Wednesday, March 30, 2011

The Looming Male Backlash - Rosalind C. Barnett & Caryl Rivers

Article - Barnett Rivers Anxious Men

George Diebold / Getty Images

Rosalind C. Barnett & Caryl Rivers, writing at The Daily Beast, propose that women should expect a "looming" male backlash - this conjecture is based on a recent study that suggests that young men who read about women’s success become nervous (not sure how they are defining any of these terms, but ok).

The authors believe this finding is further proof that "women still face serious obstacles on the road to equality." Apparently, Caryl Rivers and Rosalind C. Barnett are gender studies experts. I think they are manufacturing a "looming" crisis out of thin air, while actually ignoring a new and serious issue within their own ranks.

The Looming Male Backlash

A recent study revealed that reading about women’s success makes young men nervous—but the finding’s just the latest proof that women still face serious obstacles on the road to equality, say gender studies experts Caryl Rivers and Rosalind C. Barnett.

You can’t miss Women’s History Month. Every March, posters, books, articles, films, and lectures celebrate female success. These pats on the back can only be a good thing, right?

Maybe not. According to a recent study, spotlighting women’s achievements makes some men very nervous. We might be better off whispering our kudos or toasting each other in out-of-the-way bars.

The research, published in the journal Basic and Applied Social Psychology, reveals a major gap in how men and women view female success. In a survey given to American college students, young men reported high levels of anxiety after reading census data that showcased the gains women have made over the past 40 to 50 years, like graduating from college at higher rates than men and excelling in historically male professions.

Seemingly threatened by this progress, the male survey-takers also reported feeling a strong sense of solidarity with their own gender—protective of it, even. And they tended to exaggerate how far women have come and how far behind men have fallen.

The findings are ominous: Despite recent headlines cautioning “the end of men,” women still have miles to go to achieve gender equality—and men’s uneasy response to female success hints at real-world challenges ahead. We know from prior research that when men feel threatened, they tend to energetically protect their status. No study can claim to predict the future—but having spent decades researching gender relations, to us, this new report suggests that men might be less likely to hire women, mentor them, or value them as colleagues.

Equally troubling: The study also found that many young women aren’t concerned about gender-based career obstacles. When female survey-takers read about current opportunities to enter previously male-dominated occupations, they reported low levels of threat as well as a diminished need to bond with their own sex.
Read the whole article.

Most of their argument is not at all new - same statistics (roughly), different year - and yes, this needs to change - but nothing about it suggests a looming backlash, more like business as usual:
This month’s report from the White House on the status of women showed that, at all levels of education, women earned about 75 percent of what their male counterparts earned in 2009.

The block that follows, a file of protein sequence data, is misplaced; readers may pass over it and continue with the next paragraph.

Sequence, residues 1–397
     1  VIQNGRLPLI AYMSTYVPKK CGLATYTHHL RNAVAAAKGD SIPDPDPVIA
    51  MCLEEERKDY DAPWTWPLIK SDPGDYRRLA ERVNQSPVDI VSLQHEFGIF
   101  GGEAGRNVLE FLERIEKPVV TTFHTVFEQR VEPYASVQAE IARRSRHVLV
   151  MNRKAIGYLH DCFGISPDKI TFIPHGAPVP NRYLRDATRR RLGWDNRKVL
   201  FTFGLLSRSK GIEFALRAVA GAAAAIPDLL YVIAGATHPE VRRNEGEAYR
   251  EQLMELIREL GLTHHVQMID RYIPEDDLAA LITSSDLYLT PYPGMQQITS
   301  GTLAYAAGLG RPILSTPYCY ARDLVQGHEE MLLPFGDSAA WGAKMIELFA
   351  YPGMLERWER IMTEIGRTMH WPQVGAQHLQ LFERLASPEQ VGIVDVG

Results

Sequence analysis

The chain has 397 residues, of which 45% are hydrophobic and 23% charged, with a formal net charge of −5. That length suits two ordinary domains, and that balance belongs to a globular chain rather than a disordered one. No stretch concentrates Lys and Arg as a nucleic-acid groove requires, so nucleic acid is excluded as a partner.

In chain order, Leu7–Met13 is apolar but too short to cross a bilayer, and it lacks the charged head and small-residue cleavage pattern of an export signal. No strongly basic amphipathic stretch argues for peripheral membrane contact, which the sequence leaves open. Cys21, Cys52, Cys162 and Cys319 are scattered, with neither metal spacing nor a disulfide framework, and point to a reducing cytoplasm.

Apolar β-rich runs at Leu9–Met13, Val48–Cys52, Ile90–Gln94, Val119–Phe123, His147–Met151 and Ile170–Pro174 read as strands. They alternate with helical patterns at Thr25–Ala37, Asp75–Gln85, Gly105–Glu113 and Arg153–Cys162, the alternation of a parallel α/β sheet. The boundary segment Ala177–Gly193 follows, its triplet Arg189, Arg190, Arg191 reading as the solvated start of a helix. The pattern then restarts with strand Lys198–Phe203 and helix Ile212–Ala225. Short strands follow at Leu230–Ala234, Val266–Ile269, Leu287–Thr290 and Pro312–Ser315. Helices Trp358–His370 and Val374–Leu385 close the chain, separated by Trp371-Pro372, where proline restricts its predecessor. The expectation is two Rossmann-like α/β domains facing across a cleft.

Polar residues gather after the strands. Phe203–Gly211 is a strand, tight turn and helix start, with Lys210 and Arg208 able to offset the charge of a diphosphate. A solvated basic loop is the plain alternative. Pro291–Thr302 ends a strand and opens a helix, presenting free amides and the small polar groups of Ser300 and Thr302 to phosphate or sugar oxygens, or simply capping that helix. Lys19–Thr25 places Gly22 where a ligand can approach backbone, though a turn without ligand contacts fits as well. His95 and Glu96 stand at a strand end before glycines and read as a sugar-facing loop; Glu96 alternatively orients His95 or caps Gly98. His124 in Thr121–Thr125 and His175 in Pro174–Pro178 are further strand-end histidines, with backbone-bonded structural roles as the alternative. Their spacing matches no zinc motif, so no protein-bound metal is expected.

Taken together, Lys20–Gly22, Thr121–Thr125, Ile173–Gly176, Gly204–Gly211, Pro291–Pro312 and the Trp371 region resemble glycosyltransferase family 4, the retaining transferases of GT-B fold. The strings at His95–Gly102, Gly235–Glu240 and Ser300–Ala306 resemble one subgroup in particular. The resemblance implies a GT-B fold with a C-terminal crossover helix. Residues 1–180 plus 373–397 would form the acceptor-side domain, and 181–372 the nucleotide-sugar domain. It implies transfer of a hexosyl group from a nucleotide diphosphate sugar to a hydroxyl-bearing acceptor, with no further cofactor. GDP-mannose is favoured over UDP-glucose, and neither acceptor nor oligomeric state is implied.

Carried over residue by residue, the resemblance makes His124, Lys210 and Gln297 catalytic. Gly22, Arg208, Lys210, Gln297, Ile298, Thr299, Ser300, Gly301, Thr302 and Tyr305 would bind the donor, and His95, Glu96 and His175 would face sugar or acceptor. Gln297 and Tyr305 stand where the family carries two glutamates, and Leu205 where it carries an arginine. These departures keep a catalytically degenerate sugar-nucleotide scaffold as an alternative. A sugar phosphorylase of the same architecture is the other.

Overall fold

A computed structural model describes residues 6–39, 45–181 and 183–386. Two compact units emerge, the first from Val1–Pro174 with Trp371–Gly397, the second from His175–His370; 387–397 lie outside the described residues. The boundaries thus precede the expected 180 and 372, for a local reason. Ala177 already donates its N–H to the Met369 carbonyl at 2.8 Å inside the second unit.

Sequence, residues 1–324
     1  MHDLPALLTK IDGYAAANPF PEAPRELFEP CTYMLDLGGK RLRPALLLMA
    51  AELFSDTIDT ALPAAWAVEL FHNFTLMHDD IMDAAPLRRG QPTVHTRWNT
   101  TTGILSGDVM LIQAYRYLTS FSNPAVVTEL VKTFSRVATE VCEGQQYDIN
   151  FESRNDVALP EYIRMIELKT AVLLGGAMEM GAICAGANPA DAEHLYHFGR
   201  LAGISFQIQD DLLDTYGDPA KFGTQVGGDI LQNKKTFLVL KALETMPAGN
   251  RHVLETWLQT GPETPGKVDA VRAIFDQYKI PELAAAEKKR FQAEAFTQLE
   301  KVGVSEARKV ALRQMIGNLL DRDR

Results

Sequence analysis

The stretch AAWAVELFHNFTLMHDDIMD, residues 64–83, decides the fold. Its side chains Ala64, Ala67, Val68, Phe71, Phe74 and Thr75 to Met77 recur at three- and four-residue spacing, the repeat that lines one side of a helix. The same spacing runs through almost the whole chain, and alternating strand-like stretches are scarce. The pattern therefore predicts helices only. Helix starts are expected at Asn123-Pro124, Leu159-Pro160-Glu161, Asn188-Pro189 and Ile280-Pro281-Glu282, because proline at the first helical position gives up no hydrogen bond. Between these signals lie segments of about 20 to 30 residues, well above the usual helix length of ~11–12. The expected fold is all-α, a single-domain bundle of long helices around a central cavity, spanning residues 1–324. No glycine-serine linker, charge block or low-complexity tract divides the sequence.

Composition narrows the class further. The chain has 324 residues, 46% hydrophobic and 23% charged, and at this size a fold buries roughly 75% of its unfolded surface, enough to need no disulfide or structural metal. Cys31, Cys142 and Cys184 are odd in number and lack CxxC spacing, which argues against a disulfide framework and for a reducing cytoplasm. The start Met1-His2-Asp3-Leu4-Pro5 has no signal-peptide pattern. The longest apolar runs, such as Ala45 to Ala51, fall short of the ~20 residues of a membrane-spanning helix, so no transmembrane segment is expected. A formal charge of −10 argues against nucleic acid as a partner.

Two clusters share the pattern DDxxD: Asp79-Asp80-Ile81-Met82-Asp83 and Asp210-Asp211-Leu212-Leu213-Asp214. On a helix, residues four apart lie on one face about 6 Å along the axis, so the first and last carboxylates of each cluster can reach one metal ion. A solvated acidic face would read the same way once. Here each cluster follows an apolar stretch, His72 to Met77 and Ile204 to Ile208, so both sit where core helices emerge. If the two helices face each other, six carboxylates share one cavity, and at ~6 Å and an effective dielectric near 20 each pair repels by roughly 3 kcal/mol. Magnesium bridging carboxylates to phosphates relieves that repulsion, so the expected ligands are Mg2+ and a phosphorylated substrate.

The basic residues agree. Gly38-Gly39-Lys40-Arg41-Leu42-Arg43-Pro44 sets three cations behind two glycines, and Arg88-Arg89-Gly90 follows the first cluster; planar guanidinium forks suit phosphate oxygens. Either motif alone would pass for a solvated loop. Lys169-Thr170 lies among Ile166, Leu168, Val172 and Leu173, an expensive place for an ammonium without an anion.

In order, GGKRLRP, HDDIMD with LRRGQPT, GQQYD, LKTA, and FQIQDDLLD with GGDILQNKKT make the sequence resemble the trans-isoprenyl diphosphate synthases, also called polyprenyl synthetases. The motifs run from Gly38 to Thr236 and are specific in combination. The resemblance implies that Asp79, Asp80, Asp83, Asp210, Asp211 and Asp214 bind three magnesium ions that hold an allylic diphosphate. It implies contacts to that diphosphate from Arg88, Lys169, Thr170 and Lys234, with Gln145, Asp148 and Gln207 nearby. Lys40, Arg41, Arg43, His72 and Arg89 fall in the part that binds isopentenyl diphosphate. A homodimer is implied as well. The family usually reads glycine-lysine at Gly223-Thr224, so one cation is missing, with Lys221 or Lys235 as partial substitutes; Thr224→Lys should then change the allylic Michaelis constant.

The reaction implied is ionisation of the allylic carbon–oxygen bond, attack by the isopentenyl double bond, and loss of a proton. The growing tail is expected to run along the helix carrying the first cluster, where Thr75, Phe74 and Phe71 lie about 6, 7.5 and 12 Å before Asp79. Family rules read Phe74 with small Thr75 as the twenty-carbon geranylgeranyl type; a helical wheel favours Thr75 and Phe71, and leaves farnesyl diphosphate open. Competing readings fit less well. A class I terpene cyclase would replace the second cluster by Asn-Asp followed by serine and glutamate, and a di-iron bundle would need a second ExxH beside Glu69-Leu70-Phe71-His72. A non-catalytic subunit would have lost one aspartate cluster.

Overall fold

Indeed, female MBAs earn, on average, $4,600 less than male MBAs in their first job out of business school. Women start behind and never catch up. Professionals are hit the hardest. The latest data show that female physicians in the U.S. earn, on average, 39 percent less than male physicians. Women financial analysts take in 35 percent less, and female chief executives, one-quarter less.

They introduce a new form of oppression, however, or at least it's new to me - they call it the glass cliff - "in which female business leaders are more likely to be appointed to powerful leadership positions when an organization is in crisis or high-risk circumstances."

So the idea is that things are going badly and they aren't going to get better, so let's appoint a woman CEO and then fire her when things get worse - we will look progressive for hiring a woman while also discrediting women as CEOs.

Seriously? We are supposed to take this seriously based on THREE examples?
Carly Fiorina (Hewlett Packard), Kate Swan (W. H. Smith) and Patricia Russo (Alcatel-Lucent) were appointed to top positions at a time of tumbling share prices. All were fired or pushed out of their jobs.
Show me 20 examples and I may believe there is a pattern. I don't know about the others, but Carly Fiorina is an idiot - HP should have fired her for being stupid and should not have given her a $21 million buy-out.

While the article essentially blames men for being nervous about successful women, and also being discriminatory in pay and promotions (none of which is new or news - yes, there is still work to do to get women equal pay for equal work), the article ends with a "real" issue - one that I think should be the focus of concern:
It’s not just men who propagate and accept workplace stereotypes, but women as well. New York University psychologist Madeline Heilman finds that women see competent female bosses as ruthless, strict, mean, and stubborn. But they see equally competent men as professional and capable. Too often, we have met the enemy, and she is us.
Why didn't they write an article about this? Unless this changes, it does not matter what men do or don't do - it'll be women who are holding women back.

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